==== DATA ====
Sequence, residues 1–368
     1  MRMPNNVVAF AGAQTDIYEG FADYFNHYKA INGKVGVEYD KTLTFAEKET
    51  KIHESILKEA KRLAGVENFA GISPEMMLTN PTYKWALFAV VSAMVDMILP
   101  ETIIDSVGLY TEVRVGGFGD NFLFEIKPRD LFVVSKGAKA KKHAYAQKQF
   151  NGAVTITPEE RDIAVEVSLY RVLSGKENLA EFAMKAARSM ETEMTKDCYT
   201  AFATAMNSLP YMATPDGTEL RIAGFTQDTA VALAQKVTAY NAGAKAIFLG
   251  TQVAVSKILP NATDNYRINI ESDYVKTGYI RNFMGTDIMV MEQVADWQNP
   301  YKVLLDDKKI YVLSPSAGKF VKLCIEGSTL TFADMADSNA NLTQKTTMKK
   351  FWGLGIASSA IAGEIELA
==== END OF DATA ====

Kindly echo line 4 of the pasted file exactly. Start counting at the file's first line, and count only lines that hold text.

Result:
   101  ETIIDSVGLY TEVRVGGFGD NFLFEIKPRD LFVVSKGAKA KKHAYAQKQF